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Optical components

Nanovation in Crisis

Integrated optics startup Nanovation Technologies Inc. is in deep crisis today as it struggles to finalize an emergency infusion of cash to keep it going.

Yesterday the company was forced to lay off two thirds of its 169 employees following the collapse of a $75 million Series C round of funding. In a note to Light Reading today, Nanovation's CEO, Bob Chaney writes: "We are currently attempting to obtain funding to hold on to the remaining one third of our employees while focusing only on two silica photonic IC products and two indium phosphide photonic IC products."

Nanovation's crisis appears to have been triggered by Stamford International Inc., a shell company that provided a backdoor way of investing in Nanovation ahead of its planned IPO, which never actually materialized (see Nanovation Prepares the Ground for an IPO).

As Nanovation's largest common shareholder, Stamford derailed the latest funding round and is now offering Nanovation cash in exchange for control of its Board of Directors, according to Chaney's note.

In the note, Chaney says that Nanovation had secured a $10 million bridge loan with Motorola Inc. (NYSE: MOT) for its Series C round, in which Salomon Smith Barney was the placement agent. The money had been placed in an escrow account on June 29. Motorola is an existing Nanovation investor (see Nanovation Bounces Back).

Nanovation needed shareholder approval for the issuance of additional shares for this offering, according to Chaney. "The overwhelming majority of our preferred and common shareholders approved," he writes. "However, our largest common shareholder blocked this deal for nearly two weeks, causing Motorola enough concern to pull out on July 13, and the bridge round then collapsed.

"Nanovation still plans to deliver in August the industry's first true photonic IC, consisting of a switch, splitter, and monitoring taps all on a single substrate," Chaney concludes.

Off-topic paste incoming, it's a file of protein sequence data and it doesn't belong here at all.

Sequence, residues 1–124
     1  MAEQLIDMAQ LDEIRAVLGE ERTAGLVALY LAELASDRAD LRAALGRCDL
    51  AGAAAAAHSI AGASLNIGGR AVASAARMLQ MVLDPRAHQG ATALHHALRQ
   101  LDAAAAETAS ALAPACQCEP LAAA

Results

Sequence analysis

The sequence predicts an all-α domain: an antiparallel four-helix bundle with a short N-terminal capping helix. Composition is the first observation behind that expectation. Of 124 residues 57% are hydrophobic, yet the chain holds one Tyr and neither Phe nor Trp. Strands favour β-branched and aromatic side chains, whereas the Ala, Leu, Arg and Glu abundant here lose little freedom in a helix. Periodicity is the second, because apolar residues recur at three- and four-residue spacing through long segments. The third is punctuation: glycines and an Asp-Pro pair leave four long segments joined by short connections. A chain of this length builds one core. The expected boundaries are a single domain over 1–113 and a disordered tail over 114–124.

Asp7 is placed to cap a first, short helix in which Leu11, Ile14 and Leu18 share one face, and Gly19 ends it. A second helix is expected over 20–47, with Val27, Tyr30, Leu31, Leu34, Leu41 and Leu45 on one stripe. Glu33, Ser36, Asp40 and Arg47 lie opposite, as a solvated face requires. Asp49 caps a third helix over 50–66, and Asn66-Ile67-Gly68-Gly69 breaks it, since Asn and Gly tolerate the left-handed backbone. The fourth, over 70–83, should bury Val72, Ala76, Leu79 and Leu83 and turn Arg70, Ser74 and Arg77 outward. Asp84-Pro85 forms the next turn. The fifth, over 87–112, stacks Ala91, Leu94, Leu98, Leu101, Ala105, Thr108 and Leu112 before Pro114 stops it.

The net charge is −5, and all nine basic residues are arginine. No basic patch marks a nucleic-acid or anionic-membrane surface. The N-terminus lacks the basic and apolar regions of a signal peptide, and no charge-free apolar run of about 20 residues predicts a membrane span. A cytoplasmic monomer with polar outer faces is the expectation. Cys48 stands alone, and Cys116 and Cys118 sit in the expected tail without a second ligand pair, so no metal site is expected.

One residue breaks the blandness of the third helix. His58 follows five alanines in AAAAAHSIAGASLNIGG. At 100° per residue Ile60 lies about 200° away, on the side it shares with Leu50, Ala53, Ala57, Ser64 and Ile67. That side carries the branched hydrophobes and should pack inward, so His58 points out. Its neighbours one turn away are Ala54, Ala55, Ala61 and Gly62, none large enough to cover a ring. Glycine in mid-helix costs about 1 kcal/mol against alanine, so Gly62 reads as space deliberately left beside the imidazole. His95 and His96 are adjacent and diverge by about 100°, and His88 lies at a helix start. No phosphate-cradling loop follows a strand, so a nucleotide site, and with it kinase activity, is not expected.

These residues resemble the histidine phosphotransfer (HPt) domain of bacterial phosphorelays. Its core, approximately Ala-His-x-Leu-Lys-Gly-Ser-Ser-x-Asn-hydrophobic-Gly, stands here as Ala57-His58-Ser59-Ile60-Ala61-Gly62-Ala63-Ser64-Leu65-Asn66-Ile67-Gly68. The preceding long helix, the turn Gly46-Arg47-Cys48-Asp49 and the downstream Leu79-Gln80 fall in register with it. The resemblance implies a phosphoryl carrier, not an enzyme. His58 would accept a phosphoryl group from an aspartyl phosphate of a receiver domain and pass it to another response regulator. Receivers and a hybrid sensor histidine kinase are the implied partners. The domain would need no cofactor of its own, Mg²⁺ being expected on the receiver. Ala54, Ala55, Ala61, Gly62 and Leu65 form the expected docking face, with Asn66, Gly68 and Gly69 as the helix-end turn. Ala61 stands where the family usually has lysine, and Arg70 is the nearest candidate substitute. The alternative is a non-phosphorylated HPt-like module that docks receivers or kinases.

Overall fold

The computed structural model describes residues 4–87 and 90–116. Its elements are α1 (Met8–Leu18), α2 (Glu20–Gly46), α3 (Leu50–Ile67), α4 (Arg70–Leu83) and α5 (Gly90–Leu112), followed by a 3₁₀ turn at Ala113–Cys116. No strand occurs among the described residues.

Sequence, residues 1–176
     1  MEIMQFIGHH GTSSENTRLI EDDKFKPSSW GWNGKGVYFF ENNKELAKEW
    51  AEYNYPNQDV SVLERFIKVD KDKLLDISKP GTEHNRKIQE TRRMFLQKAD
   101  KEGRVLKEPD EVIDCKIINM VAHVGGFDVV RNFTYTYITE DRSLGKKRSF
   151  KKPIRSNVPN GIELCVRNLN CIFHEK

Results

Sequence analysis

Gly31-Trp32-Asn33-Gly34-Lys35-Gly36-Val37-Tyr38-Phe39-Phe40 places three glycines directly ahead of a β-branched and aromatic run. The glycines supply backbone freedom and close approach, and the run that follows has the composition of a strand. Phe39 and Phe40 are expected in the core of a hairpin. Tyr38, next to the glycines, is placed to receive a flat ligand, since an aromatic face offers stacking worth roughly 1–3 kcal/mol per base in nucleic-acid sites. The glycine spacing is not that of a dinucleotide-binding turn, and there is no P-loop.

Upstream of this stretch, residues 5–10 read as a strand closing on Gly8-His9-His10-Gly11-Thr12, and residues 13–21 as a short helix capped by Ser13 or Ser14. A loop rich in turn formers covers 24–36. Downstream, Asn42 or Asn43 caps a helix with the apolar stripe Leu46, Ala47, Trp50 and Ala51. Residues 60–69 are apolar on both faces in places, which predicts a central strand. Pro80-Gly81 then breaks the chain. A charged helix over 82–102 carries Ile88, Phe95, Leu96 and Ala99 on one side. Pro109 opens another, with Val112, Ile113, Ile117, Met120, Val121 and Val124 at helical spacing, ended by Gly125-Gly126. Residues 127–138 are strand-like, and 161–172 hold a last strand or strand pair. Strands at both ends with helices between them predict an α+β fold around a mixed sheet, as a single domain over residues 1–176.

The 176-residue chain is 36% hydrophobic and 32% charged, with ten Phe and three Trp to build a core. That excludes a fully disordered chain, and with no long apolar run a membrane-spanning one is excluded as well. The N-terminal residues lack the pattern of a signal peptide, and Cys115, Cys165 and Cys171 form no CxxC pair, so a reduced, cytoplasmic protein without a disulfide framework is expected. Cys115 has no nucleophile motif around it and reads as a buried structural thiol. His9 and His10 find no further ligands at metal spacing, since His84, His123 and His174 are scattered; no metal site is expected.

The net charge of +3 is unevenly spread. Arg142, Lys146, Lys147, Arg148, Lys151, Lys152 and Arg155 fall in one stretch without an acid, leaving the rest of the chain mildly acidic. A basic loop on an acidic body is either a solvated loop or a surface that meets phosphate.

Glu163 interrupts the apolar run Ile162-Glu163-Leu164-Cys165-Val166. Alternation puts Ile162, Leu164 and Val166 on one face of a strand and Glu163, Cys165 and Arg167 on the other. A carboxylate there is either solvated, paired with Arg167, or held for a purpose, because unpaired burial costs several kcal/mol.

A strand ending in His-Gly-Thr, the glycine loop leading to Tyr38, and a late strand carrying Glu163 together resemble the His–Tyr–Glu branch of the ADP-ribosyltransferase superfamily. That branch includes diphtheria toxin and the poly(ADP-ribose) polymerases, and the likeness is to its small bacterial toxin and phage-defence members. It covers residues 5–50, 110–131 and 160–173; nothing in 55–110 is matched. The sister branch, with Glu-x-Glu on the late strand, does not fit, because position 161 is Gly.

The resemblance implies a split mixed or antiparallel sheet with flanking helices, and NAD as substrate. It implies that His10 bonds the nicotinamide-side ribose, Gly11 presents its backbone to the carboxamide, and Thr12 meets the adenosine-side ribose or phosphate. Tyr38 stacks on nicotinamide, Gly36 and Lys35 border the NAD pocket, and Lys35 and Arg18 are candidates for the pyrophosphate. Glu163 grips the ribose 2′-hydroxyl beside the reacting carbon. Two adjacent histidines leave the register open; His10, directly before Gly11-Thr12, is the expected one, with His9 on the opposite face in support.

Nanovation has raised a total of $91 million in funding. The identities of many of its investors, apart from Motorola, have been kept quiet. A September 24, 1999, press release announcing a $16.5 million round of financing made no reference to where it came from. Similarly, a press release announcing a further $30 million round of funding, dated Dec 6, 1999, merely referred to an unidentified "crossover group of 13 mutual funds and mutual fund managers" as the source of the funds.

As it happens, it's almost exactly a year since Nanovation dumped its original CEO, G. Robert Tatum, and switched strategy -- bringing to an end an era of spending big bucks in order to pump up Nanovation for a whopper of an IPO (see Nanovation's CEO Gets The Heave-Ho).

At that time, Nanovation was already entangled in litigation with Stamford International, although John Ofenloch, Nanovation's VP of Finance, made light of it at the time. "It's just a monkey on our back," he said. Now the monkey has turned into an organ grinder.

— Peter Heywood, Founding Editor, Light Reading
http://www.lightreading.com
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jclasssailing 12/4/2012 | 8:05:16 PM
re: Nanovation in Crisis If they had just saved the money they spent on their ofc booth, they probably could have pushed out their fume day by a few months
runner 12/4/2012 | 8:05:15 PM
re: Nanovation in Crisis These guys came to the company I worked for in late 1999/early 2000. They looked slick and acted slick but couldn't tell me a thing about their roadmap, technology or anything. Just a hint - when you send salespeople out, train them just a little to they have a clue. These guys sure didn't.

It was obvious at the time they were selling a dream. Their 'plan' was to blow smoke, show Powerpoint slides and pop a monster IPO and got caught.

They got what they deserved.
redface 12/4/2012 | 8:05:12 PM
re: Nanovation in Crisis probably Nanovation is second only to Silkroad (the San Diego company, remember?) in terms of the scale of the fraud.
Peter Heywood 12/4/2012 | 8:05:11 PM
re: Nanovation in Crisis I've been faxed a copy of the letter that appears to have been sent by Nanovation's VP of HR, David Bundy, to staff that were laid off yesterday. The letter starts:

"This is to inform you that effective July 16, 2001 Nanonvation Technologies, inc. will be permanently closed. On that date, your employment will be terminated."

I've asked Nanovation to comment.

maryt 12/4/2012 | 8:05:11 PM
re: Nanovation in Crisis there is an old saying "pigs get fat and hogs get slaughtered."

looks like the greedy shareholders are headed to the slaughter house.

i knew they were not going to issue all of those shares they promised to everyone.

DKP 12/4/2012 | 8:05:08 PM
re: Nanovation in Crisis